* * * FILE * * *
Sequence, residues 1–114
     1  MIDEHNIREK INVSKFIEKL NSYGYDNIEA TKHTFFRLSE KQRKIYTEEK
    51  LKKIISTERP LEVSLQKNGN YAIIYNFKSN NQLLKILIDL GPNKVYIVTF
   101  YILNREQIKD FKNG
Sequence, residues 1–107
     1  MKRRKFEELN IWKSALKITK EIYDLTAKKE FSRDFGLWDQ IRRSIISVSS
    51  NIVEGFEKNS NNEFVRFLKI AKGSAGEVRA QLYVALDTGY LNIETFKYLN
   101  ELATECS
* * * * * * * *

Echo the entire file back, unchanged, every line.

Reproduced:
Sequence, residues 1–114
     1  MIDEHNIREK INVSKFIEKL NSYGYDNIEA TKHTFFRLSE KQRKIYTEEK
    51  LKKIISTERP LEVSLQKNGN YAIIYNFKSN NQLLKILIDL GPNKVYIVTF
   101  YILNREQIKD FKNG
Sequence, residues 1–107
     1  MKRRKFEELN IWKSALKITK EIYDLTAKKE FSRDFGLWDQ IRRSIISVSS
    51  NIVEGFEKNS NNEFVRFLKI AKGSAGEVRA QLYVALDTGY LNIETFKYLN
   101  ELATECS